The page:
Insolvent trust firm would have been fined

A TRUST COMPANY which helped to manage some armed forces pensions has been found to have failings in relation to its compliance and competence.

(26128023)
(26128023)

Certes Capital Limited, formerly Marlborough Pension Trustees Limited, has gone into voluntary liquidation and is insolvent.

The Guernsey Financial Services Commission, which investigated the company’s failings, said it would have fined the business £30,000 if it was still operating.

The trust was working with corporate and private clients to provide pensions and savings options and in October 2016 Certes became a managed trust company of another licensee under the fiduciaries law.

The licensee then commissioned a review of investments held by pension schemes administered by Certes, which raised a number of concerns between August 2009 and October 2016.

They centred around pension scheme members, introduced by one introducer, who were mainly former UK military personnel and who had transferred their UK Government defined benefit pension scheme to a defined contribution scheme administered by Certes.

Certes, at the prompting of the licensee, reported these concerns to the commission in May 2017.

The GFSC report found that Certes had appointed the introducer as the investment manager for the scheme members’ accounts, despite not being regulated.

A Certes file note stated that the introducer had considerable UK pension experience, but there was little evidence for this.

‘Given that Certes was aware that the introducer was not regulated, it is not clear, on the evidence that was provided to the commission, how Certes reached the conclusion that the introducer was suitably qualified and competent to be appointed as investment manager,’ the GFSC report stated.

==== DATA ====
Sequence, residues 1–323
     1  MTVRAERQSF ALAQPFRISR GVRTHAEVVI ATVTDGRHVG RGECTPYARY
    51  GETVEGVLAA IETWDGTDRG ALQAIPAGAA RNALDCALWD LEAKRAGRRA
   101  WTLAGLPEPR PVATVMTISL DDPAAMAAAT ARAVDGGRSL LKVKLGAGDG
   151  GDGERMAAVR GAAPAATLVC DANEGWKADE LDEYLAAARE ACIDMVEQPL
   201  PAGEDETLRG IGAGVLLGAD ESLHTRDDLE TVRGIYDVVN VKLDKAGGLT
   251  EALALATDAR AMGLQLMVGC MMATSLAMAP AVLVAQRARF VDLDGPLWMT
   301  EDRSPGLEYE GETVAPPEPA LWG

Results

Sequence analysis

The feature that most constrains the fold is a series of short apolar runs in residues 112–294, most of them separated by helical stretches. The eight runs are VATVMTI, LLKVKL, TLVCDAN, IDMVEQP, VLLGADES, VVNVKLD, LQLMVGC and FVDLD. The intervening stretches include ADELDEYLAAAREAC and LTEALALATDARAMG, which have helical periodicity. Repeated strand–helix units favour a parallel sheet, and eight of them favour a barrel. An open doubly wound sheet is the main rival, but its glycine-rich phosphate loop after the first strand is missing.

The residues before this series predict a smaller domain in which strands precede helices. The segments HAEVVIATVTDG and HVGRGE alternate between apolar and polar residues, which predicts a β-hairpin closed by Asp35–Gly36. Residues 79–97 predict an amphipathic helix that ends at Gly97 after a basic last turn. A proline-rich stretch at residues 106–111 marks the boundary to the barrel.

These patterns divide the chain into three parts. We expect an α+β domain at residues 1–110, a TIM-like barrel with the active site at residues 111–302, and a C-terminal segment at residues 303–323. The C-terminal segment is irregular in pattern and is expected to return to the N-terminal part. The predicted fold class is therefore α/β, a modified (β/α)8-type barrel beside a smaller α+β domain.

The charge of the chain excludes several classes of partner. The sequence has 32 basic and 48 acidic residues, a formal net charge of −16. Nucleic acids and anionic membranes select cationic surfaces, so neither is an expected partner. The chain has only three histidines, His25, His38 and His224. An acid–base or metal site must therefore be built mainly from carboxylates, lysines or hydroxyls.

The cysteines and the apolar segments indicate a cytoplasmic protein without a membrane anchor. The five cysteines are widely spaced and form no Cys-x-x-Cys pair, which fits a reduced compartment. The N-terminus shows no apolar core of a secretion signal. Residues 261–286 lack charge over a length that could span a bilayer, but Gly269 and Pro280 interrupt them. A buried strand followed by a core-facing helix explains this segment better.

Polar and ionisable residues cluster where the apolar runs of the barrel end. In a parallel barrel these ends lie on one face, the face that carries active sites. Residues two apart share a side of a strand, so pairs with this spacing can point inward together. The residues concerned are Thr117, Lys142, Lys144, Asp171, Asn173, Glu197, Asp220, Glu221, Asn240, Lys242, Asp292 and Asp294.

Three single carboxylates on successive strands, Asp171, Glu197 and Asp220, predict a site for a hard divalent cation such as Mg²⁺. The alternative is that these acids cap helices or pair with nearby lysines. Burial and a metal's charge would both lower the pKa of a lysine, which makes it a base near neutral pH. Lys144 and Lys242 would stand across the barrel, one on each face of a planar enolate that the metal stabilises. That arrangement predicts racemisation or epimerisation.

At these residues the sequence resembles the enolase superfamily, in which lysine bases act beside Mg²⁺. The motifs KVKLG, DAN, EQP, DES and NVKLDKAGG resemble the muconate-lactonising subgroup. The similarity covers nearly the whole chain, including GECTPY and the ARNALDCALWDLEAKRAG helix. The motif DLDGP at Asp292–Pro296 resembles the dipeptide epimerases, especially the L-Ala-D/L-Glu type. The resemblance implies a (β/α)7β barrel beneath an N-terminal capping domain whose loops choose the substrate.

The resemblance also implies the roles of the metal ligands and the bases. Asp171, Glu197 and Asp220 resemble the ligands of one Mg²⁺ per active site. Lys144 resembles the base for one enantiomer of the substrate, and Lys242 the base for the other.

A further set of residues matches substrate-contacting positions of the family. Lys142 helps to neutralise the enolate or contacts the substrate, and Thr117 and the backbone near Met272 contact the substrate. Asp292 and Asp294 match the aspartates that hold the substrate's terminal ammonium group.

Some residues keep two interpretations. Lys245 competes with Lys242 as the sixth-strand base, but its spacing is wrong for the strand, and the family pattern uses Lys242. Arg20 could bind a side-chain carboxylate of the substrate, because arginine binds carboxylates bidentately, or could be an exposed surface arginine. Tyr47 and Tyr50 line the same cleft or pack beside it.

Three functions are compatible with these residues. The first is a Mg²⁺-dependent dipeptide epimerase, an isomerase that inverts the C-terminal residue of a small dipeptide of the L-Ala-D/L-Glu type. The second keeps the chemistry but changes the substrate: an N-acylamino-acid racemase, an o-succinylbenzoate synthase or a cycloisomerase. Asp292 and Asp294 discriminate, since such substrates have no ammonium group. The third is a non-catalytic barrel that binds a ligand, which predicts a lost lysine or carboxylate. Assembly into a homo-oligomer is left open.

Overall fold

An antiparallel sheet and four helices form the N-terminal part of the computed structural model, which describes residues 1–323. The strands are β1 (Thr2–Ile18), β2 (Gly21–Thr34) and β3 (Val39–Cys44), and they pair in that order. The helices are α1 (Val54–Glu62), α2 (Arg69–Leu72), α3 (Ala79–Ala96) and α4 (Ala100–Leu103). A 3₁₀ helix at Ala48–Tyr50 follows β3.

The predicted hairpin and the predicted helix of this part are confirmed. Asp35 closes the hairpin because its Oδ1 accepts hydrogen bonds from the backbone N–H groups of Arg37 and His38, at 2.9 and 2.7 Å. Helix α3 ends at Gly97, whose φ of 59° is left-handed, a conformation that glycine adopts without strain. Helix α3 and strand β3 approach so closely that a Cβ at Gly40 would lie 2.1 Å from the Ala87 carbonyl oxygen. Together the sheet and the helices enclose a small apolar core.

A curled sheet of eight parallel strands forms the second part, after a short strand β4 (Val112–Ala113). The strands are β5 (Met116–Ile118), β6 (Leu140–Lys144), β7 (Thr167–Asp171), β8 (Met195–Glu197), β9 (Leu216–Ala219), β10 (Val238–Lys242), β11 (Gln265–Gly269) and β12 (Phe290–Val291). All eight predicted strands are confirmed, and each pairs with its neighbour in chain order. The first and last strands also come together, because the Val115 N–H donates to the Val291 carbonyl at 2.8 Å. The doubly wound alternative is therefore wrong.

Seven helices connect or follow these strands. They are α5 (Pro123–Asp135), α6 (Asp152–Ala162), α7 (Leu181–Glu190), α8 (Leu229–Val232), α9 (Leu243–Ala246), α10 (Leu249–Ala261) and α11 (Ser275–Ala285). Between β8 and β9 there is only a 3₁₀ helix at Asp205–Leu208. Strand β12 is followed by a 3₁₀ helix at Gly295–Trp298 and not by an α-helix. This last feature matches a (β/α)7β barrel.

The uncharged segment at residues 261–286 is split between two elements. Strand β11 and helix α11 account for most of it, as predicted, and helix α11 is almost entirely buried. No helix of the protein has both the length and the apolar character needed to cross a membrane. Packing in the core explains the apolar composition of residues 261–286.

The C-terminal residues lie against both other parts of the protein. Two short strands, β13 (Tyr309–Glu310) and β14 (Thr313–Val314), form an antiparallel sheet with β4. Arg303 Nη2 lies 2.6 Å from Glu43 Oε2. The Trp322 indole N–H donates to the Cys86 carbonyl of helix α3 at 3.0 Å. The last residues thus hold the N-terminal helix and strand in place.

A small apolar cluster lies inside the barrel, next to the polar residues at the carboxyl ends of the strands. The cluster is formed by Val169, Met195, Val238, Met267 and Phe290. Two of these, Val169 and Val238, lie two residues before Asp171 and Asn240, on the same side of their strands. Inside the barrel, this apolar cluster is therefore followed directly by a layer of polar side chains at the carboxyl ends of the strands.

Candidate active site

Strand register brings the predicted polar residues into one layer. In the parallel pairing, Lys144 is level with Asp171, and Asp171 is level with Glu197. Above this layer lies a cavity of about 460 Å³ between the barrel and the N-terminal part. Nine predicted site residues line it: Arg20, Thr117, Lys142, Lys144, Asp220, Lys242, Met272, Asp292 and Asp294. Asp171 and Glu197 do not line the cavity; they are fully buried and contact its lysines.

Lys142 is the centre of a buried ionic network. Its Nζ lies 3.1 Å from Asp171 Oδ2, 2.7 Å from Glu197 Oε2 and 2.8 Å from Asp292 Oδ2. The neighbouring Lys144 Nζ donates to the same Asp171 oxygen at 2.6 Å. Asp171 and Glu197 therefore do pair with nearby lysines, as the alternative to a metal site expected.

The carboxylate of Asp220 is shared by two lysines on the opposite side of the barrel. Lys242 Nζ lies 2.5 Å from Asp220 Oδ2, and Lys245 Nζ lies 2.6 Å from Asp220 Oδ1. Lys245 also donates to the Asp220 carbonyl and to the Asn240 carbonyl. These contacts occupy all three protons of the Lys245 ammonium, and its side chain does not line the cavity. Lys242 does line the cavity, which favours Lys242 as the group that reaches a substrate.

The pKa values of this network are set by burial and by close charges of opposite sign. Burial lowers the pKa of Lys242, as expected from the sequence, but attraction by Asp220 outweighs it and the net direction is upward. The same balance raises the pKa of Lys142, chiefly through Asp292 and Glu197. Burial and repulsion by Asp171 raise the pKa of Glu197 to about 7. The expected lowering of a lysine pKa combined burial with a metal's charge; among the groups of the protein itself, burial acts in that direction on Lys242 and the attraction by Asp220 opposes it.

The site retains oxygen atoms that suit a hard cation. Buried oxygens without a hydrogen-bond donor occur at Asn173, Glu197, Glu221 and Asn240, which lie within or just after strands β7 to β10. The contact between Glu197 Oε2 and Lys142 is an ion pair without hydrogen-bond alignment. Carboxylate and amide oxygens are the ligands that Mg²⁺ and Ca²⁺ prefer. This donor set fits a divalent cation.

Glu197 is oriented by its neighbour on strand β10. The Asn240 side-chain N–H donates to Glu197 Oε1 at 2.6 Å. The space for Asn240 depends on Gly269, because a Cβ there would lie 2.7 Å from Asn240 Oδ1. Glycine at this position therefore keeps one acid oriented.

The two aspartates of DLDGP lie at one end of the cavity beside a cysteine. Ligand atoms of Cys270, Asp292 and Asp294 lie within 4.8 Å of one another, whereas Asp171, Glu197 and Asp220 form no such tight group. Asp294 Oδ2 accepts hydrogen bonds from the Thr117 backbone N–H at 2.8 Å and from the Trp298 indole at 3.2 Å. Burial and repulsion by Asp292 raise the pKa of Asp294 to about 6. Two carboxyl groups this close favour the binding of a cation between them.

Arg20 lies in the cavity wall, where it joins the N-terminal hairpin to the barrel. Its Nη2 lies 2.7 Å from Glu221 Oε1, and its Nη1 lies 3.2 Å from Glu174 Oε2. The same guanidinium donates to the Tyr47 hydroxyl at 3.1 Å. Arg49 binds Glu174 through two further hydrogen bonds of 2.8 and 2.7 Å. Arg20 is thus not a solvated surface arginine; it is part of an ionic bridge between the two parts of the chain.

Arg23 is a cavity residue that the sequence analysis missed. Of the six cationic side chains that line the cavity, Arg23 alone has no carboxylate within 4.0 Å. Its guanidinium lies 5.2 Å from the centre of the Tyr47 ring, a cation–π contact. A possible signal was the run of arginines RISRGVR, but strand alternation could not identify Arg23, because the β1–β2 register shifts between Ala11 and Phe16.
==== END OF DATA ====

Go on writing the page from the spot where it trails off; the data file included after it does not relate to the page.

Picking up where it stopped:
‘Certes subsequently removed the introducer as investment manager for scheme members’ accounts. The commission was informed that the introducer was not performing in a sufficient way as investment manager and Certes felt it needed to appoint a qualified investment house.’

The introducer was replaced with an Isle of Man regulated investment management firm, on the recommendation of the introducer.

There was no evidence to demonstrate whether any compliance checks or due diligence was undertaken into the new investment manager.

‘Certes failed to demonstrate that appropriate consideration or investigation was undertaken in respect of the new investment manager’s qualifications and competence,’ the GFSC report stated.

The situation raised due diligence concerns.

The due diligence forms and compliance checks on the introducer were not completed prior to the acceptance of the introducer and were still being completed after it had been accepted.

Certes also did not check whether the introducer was suitable or competent for the role.

Concerns were raised that Certes’ annual pension fund valuations were not accurate, as some funds had been suspended.

‘The suspended funds had been given a full market value and not all assets had been revalued on a regular basis,’ the report stated.

‘Accordingly, the annual valuations were potentially misleading and suggestive that the investments were performing better than they were.’

A review also found that underlying investments appeared to be in high risk investments, despite most members requesting a low or medium risk strategy.

‘Certes therefore failed to ensure that the investments were managed professionally and responsibly,’ the report stated.

The GFSC noted that Certes had received a number of complaints from former members of the UK Government pension schemes about the performance of their pension.It had then made minor efforts to rectify the issues identified, although it did not take sufficient steps to effectively remedy the issues.

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